At the event, the MMLC will present a brief history of language lab technology, the benefits of language lab activities for effective language and cultural bridge building, and the motivation and design behind Northwestern’s custom-developed digital language lab solution, DiLL. Following this presentation, they will demonstrate DiLL’s teacher and student views on projection screens. Members of the Northwestern faculty who are active DiLL users will then discuss how they use the software in their instruction and comment on the effects.
The MMLC opened its doors Friday afternoon to those wishing to know more about innovations in language learning. Parents of Weinberg students attending Northwestern's Family Weekend were invited to test-drive the department's online projects, tour its facilities, and discuss language instruction in the College with representatives from the Council on Language Instruction.
Representing the Council on Language Instruction were Yumi Shiojima (PAAL), Denise Meuser (German), and John Paluch (German).
Parents meet with faculty in the MMLC lab
Parents meet with MMLC staff member Zachary Schneirov (left)
CLI members Yumi Shiojima and Denise Meuser browse MMLC projects.
The MMLC is happy to present the premier episode of ScienceRide, a new show that puts Northwestern students' science knowledge to the test when they least expect it: while hopping into the back seat of a campus shuttle van.
Michael Kennedy, head of Science in Society, a Northwestern University outreach initiative that aims to connect science to the community, wanted to find a new and fun way to engage students, to get them thinking and talking about science. Taking inspiration from Discovery Channel's Cash Cab, Kennedy envisioned a similar show that could take place using Northwestern's SafeRide student shuttle service.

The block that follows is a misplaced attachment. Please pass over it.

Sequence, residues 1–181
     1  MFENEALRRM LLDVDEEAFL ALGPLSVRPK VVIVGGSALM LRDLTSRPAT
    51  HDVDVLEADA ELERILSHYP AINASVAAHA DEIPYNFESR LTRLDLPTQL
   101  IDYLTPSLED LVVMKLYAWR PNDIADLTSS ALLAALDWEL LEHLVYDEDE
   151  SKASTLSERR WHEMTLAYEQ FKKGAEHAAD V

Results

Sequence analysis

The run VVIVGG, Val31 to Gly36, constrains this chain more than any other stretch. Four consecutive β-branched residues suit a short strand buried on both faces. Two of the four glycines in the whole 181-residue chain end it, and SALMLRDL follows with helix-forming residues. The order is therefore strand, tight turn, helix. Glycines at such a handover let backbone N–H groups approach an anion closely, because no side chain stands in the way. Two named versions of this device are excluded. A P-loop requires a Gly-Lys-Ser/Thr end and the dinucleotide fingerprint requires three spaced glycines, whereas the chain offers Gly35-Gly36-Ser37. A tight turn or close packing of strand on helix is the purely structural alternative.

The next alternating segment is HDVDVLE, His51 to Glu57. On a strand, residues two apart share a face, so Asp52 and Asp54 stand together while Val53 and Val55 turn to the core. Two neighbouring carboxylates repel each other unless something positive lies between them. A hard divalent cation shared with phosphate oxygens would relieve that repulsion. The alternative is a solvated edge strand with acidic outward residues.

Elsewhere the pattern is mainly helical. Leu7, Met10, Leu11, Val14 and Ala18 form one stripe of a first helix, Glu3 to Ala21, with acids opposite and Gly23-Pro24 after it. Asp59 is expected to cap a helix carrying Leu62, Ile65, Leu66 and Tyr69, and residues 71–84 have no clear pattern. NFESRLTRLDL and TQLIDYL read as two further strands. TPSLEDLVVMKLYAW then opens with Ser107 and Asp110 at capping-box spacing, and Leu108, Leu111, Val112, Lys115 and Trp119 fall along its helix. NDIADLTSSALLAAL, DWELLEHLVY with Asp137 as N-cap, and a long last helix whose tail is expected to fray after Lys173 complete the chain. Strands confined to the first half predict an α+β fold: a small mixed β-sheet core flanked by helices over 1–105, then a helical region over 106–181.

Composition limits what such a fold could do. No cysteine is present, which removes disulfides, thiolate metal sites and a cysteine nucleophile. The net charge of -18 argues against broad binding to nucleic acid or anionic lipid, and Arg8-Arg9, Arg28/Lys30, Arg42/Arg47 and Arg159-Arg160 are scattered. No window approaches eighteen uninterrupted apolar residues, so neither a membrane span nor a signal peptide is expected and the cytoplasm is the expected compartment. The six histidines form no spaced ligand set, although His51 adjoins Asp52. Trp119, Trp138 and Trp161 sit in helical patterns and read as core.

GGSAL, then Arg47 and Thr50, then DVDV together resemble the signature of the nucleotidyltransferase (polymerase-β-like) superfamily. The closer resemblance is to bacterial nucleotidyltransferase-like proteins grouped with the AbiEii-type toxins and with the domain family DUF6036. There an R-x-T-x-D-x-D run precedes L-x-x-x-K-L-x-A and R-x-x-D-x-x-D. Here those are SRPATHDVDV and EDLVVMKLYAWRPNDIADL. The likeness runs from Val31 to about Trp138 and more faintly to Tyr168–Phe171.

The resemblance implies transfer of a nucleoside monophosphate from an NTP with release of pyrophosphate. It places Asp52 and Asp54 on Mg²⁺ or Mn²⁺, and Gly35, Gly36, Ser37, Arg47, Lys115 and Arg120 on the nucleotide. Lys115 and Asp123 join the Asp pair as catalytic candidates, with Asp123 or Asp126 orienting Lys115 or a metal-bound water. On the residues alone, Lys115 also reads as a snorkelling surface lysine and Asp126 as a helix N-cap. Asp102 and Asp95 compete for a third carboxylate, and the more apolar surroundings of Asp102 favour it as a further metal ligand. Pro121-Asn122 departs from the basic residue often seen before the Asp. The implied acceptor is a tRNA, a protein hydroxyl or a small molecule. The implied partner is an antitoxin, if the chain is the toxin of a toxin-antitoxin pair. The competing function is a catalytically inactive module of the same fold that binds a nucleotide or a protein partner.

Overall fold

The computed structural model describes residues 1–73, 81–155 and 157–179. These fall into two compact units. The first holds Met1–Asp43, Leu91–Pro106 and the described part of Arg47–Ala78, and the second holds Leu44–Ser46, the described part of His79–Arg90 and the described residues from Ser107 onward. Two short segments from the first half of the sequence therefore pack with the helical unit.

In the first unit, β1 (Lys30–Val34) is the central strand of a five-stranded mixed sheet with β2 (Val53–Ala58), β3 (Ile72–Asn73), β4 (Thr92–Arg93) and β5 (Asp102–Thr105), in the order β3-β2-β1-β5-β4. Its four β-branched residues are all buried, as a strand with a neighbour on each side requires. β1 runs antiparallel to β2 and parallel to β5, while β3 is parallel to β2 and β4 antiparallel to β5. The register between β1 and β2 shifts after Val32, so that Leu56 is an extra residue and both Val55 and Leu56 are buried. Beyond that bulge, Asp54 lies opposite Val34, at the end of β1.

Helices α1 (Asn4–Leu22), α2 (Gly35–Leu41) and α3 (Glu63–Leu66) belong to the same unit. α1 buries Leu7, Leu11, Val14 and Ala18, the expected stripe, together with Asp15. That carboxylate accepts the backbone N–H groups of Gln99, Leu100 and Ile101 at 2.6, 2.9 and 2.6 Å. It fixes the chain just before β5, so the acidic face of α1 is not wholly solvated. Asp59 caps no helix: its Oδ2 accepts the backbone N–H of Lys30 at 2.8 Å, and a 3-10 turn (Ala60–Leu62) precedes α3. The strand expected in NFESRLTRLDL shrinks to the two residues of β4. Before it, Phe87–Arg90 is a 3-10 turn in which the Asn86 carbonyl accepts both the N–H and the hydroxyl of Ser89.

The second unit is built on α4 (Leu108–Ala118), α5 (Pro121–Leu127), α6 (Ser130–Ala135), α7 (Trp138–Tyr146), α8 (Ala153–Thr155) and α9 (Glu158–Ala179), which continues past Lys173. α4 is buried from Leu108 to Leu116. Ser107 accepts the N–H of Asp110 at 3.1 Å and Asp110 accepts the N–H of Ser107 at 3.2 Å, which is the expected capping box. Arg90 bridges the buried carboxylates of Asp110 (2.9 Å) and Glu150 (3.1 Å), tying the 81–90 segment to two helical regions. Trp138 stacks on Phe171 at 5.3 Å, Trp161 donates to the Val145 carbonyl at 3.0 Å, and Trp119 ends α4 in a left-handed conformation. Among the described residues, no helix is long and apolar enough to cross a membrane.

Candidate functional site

Just after stepping in to a campus SafeRide escort van, students are asked if they would like to play to win by correctly answering 3 out of 5 questions. The prize? Science-themed of course!
To realize his vision for the show, Kennedy requested assistance from the MMLC and Media Architect Mark Schaefer, with whom he had previously collaborated on many video projects.
Over several weeks, Schaefer developed and a comprehensive production system involving specialized camera equipment and custom rigging in order to address the unique challenges of filming in a moving vehicle: a space that is , tightly confined, difficult to light, and subject to intense vibration.
Post-production efforts were equally intense and involved careful color correction, creative and engaging editing, and the design of an entire suite of custom motion graphics animated just for the show.